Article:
85. Find people with similar goals.
  86. Reuse and recycle what works.
  87. Patience is a virtue.
  88. Ask yourself: “Why do this?”
  89. Don’t worry about the uncontrollable.
  90. Your thoughts create your reality.
  91. Complaining just wastes time.
  92. Excel at what you do.
  93. Slow and steady.
  94. Be here now.
  95. Perform tasks with multiple positives.
  96. View things from different angles.
  97. Use your imagination.
  98. Visualize your success.
  99. Smile.
  100. Keep it simple.
  101. Finish what you start.

Please expand on this list by adding your own advice in five words or less in the comments section below.

Also, I highly recommend these best selling productivity books:

Photo by: Veo

3 Communication Tips for Building Stronger Relationships

Communication Tips

This guest post was written by Karl Staib, author of Work Happy Now!

Last week I was talking on the phone with my brother, and even though we live 2,000 miles away from each other, he could still feel my sour attitude.  He asked me if everything was okay.  I was a bit surprised because I thought I was covering up my mood quite well.

I brushed off his question and told him I was fine.  He wasn’t buying it and the rest of our phone conversation struggled along.

People can feel the real message you are sending, whether you are talking to them on the phone, in person, or online.

Don’t Just Reach Out to the Fools

I’m convinced most people can smell fear and bull crap.  If you try to cover it up, they may be fooled at first, but eventually they catch on.

My subconscious usually picks up on whether or not people are sincere.  If someone is being insincere, I can feel this and I begin looking for validation.  Even if it’s just a split second feeling, I will be on the hunt to make sure I’m right.  My attention is distracted and I have trouble taking the person seriously.  That’s why as communicators (writing, speaking or body language), we have to believe that our audience is smart, savvy and ready to find faults in our message.  This also goes for an audience of just one.  It’s a problem that’s easily solved as long as you remain true to yourself.

If you believe in your message then other people will trust you.  This isn’t always easy, so I’ve devised three questions that I ask myself before I talk or write anything to anyone.

Rules for Communication:

  1. Am I telling a story?  (People connect to a story, not just facts.)
  2. Do I really believe this to be true?  (When communicating, we need to believe in everything we say.)
  3. Is this valuable?  (Will the other person find humor or knowledge in the message?)

When I first started on Twitter, I was prone to just retweeting (sending out someone else’s tweet) anything that seemed cool.  There were times when I did not even take the time to check out the source.  So wrong on many levels. One time I retweeted a link then clicked on it and it took me to a jacked-up site that gave no value at all.  It actually had animated flying pigs on it.  And they weren’t even artistic.  Just a bunch of ugly pink pigs.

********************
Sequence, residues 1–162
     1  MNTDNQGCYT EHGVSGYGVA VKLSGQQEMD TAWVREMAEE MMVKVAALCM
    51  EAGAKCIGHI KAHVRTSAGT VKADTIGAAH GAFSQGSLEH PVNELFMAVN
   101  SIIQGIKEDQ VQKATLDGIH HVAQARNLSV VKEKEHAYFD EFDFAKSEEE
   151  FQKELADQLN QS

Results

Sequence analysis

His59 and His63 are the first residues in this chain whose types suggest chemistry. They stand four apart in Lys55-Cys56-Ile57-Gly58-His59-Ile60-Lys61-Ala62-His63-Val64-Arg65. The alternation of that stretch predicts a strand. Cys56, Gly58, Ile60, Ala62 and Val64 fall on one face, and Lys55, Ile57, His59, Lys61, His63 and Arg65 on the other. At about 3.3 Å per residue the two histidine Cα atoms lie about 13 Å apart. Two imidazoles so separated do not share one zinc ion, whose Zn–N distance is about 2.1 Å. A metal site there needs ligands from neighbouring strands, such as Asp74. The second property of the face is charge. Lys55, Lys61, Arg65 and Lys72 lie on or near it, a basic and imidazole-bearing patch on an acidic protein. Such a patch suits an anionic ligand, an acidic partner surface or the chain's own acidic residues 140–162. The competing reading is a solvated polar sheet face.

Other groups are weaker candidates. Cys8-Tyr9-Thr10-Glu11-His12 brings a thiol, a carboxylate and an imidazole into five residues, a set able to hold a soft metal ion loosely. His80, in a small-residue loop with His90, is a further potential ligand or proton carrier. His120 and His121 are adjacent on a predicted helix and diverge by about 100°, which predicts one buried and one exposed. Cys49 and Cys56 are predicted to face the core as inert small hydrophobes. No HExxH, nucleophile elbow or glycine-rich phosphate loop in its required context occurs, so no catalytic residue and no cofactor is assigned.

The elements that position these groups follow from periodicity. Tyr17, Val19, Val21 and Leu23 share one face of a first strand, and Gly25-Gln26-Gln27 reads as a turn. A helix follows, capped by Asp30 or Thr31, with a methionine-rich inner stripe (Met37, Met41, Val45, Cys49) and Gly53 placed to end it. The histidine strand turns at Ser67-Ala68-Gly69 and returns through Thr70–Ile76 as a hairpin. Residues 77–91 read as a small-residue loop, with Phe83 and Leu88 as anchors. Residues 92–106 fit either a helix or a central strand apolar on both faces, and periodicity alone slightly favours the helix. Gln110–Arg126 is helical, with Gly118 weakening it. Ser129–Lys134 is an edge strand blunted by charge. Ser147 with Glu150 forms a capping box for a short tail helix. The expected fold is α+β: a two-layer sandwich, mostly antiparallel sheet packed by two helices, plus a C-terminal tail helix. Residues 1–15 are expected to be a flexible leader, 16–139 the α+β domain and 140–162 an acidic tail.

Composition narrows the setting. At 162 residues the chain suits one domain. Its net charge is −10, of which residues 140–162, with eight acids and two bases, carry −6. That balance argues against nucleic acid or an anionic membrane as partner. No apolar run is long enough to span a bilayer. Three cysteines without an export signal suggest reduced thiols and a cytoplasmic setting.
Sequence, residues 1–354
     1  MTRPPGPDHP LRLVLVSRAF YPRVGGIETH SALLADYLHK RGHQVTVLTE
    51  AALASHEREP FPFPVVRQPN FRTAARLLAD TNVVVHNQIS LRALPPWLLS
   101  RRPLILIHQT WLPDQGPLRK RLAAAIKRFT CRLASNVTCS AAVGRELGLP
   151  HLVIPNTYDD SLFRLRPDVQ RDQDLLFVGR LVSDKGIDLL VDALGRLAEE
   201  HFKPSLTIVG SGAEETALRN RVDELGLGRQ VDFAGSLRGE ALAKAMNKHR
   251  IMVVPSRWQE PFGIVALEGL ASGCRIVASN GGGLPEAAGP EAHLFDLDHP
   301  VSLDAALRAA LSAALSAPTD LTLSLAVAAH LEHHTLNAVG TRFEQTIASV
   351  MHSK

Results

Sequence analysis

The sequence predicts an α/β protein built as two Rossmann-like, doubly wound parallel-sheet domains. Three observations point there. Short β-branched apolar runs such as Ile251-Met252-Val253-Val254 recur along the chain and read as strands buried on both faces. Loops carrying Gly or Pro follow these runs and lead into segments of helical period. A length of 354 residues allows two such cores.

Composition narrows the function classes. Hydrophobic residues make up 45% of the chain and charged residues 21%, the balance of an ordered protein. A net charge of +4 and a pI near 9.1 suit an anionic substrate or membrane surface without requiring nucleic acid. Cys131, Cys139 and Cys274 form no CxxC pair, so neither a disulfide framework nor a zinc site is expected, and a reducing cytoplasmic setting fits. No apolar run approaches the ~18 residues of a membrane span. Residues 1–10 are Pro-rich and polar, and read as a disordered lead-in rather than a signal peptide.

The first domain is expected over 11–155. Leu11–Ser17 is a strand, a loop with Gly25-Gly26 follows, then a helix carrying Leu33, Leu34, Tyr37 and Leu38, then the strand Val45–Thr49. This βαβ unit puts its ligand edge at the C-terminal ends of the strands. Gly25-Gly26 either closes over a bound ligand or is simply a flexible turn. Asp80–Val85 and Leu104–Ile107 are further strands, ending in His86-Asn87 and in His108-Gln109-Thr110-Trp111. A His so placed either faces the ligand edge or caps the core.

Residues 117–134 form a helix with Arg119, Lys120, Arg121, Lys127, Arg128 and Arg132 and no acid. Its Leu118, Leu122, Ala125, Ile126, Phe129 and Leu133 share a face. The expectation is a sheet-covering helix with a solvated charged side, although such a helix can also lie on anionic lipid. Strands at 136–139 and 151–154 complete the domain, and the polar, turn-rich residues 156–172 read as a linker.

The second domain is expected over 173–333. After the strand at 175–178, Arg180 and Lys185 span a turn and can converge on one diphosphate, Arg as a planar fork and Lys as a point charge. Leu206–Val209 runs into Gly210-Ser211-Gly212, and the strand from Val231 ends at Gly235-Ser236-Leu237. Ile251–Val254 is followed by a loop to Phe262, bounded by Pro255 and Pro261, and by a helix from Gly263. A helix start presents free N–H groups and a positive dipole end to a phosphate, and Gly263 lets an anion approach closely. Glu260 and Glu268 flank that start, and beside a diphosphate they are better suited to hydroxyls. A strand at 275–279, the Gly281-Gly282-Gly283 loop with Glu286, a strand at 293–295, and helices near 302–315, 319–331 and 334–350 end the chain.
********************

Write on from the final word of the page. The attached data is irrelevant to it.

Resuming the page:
The bottom line is you have to concentrate on sending out the right message to other people, otherwise you won’t be creating a likable personal brand that separates you from the wannabes.  In this day and age of social media we all need to manage our personal brands.  Future employers will be Googling your name to see if you’re communicating certain messages online that don’t mesh well with their corporate culture.

You may not be trying to be an Internet superstar, but surely you’re trying to be the best communicator you can be.  Because if you can’t get your ideas across clearly and with conviction, no one will ever listen to you.

Putting It All Together

We live in the greatest era for communication – a time when we can create our own brand and package it in a way that makes us happy.  Twenty years ago we were stuck with the channels of communication that big business gave us.  Of course we could put out a printed newsletter or ‘zine, but it was costly and its reach was limited.  Blogging, Twitter, Facebook and other social media sites make it so much easier to spread our message and our brand.

You now have the ability to create your own happiness through communication of your expertise.

I write about work happiness and right now there are more people working happy than ever before because they are able to express their true selves while they work.  People like Brian Clark, Sonia Simone, and Leo Babauta (Check out Leo’s story – it’s fascinating) have communicated from their heart and now they have a dedicated following.  They did this by believing so strongly in their message that nothing could hold them back from success.

The key is knowing who you are and figuring out how to maximize your thoughts through communication.

How do you optimize your ability to communicate well?

It’s not easy, but worth your time to practice it.

Always remember the three words – Story, Heart, and Value.